OLN found that 73% of independents are involved in wholesaling, and that such activity accounts for about a quarter of their turnover. The research excludes merchants who are primarily wholesalers, and sell to the public as a sideline.
Selling wine to businesses is not the same as selling to the public, and there are some obvious cash flow issues to consider. Private customers do not often require invoices and they do not usually demand 60 days in which to settle their bill. They generally collect their wine when they pay for it. Businesses, on the other hand, want the wine to be delivered, accompanied by paperwork for their accounts, and will square up with you when it suits them.
In the current climate, in which pubs and restaurants are struggling, any new on-trade client has to be considered a potential risk. Be careful about being too generous with your credit terms before you’re convinced about the client’s ability to pay. If the pub always seems empty, or is in poor repair, approach with caution.
Equally, a restaurant which is not packed out on a Friday or Saturday may well be in difficulties – and wine suppliers are regularly listed among the creditors when eateries go under.
As one retailer puts it: “We’re now asking for cash on delivery with most pubs – we’ve had to get very tight on credit. Alarm bells ring when we get a new customer enquiry because you wonder why they aren’t still dealing with their old supplier.”?One of the biggest issues for a would-be wholesaler is how much stock to carry, and where to store it. Some larger businesses are able to import their own wines and use the services of a bonded warehouse, although it’s probably not worth going to that sort of effort unless you find wholesaling is becoming a major part of your turnover.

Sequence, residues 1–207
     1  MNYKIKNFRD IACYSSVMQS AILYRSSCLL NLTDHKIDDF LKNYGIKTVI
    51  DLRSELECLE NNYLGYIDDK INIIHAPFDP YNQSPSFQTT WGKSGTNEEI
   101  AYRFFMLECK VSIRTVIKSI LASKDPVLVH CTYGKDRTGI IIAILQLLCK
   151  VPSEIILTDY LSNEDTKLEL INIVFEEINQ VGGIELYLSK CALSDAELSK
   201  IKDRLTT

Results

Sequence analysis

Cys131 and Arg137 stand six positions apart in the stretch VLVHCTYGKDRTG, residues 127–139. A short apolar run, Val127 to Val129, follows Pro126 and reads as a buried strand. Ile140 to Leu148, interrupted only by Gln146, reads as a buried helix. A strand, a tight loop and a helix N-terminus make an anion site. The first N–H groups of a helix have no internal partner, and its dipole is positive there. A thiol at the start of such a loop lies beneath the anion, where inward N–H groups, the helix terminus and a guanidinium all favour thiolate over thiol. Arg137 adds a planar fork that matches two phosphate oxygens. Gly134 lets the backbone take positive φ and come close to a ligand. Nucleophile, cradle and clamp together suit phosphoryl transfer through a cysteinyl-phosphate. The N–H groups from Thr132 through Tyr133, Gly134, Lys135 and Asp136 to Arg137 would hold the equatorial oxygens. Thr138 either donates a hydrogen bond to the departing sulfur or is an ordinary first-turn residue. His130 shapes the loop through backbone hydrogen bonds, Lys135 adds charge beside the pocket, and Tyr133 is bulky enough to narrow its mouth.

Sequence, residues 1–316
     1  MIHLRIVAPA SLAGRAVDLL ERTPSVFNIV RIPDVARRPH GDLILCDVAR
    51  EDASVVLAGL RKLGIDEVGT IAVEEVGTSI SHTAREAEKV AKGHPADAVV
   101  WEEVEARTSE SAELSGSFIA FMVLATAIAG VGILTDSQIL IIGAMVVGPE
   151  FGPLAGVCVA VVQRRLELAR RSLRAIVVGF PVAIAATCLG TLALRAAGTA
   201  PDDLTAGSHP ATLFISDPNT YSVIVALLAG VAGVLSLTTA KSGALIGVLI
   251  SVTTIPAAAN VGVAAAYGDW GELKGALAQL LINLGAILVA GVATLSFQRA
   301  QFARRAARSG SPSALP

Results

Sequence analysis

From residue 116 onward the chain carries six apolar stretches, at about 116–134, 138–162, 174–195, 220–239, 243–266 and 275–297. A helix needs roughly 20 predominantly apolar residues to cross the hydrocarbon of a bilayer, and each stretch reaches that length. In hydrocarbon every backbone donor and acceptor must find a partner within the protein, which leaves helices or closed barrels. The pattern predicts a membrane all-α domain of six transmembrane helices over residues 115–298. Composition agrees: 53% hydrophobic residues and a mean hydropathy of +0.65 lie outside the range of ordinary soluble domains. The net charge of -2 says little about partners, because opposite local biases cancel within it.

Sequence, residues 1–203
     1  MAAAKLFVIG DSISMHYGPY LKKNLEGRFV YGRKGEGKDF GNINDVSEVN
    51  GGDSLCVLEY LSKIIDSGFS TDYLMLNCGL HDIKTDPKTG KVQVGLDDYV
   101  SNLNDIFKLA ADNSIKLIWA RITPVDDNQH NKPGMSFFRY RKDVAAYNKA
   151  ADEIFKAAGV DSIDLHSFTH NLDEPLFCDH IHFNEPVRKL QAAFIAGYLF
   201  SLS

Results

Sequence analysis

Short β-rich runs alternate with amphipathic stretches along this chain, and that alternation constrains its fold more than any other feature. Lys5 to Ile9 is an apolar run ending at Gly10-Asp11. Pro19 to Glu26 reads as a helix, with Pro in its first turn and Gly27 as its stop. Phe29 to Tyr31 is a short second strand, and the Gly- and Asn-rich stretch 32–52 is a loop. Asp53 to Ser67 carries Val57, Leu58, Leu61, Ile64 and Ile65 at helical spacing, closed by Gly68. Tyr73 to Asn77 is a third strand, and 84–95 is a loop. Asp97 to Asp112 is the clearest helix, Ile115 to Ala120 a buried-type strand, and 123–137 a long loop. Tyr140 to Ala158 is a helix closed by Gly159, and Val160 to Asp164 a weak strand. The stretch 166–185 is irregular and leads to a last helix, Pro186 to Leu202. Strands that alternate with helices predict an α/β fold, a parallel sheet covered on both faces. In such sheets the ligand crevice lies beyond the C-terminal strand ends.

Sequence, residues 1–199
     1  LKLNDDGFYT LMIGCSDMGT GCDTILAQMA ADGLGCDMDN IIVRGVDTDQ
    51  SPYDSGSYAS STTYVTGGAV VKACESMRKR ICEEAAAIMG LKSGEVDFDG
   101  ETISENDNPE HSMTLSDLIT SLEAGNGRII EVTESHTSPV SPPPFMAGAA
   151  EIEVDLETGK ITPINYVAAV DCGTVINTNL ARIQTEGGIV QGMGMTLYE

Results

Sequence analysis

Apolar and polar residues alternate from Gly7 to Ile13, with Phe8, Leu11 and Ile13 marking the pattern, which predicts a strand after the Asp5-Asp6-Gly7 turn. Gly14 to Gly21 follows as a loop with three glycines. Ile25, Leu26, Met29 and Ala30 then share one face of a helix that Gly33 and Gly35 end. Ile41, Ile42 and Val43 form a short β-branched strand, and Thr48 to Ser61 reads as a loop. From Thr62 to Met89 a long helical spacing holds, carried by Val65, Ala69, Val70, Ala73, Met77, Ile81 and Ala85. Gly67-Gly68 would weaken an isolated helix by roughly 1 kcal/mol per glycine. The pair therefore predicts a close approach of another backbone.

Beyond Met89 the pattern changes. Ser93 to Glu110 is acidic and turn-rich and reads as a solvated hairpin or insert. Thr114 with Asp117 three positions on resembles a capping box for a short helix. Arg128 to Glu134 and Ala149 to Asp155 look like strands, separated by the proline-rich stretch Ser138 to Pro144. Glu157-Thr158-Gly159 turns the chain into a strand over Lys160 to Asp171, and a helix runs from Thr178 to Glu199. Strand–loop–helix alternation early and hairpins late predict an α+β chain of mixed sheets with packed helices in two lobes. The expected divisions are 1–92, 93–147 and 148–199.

Other independents, particularly in far-flung parts of the UK, sometimes act as a sort of satellite for a major importer. They will buy from the importer’s portfolio, in pallet-sized orders, that can be sold on to pubs, clubs, restaurants and hotels.
Storage is, again, a key consideration, and although lock-ups can sometimes be relatively cheap, they need to be watertight, not prone to overheating in the summer – and, most importantly, secure.
Restaurant clients have a horror of seeing a wine on their list sold more cheaply in an off-licence or supermarket, and so many wholesalers have a policy of having separate retail and wholesale lists – or at least different labels for the same wine.
One independent says: “We do have certain products that will be purely for wholesale. If you’re a small retailer it’s not such a big issue, but for a company with several stores it’s not a good idea to be selling a fantastic Sauvignon Blanc to a restaurant and then promoting it in your window at £4.99.”?Independents who are starting out in wholesaling should bear in mind that all of their potential clients are already sourcing their wines from somebody else. Why should they switch to you? Price is part of the equation, but so is convenience. Will you be able to supply the wines the client wants, when they want them? Not every retailer is in a position to give such guarantees.
What other services can you provide? Perhaps you can offer to run a one-hour training session for staff, so that they understand and enjoy the wines they’re selling. Maybe you could use your customer’s pub or restaurant as a venue for a tasting, or themed dinner.
You could certainly help with the client’s wine lists, and help match wines in your portfolio to the menu – these might not be things the current supplier has considered.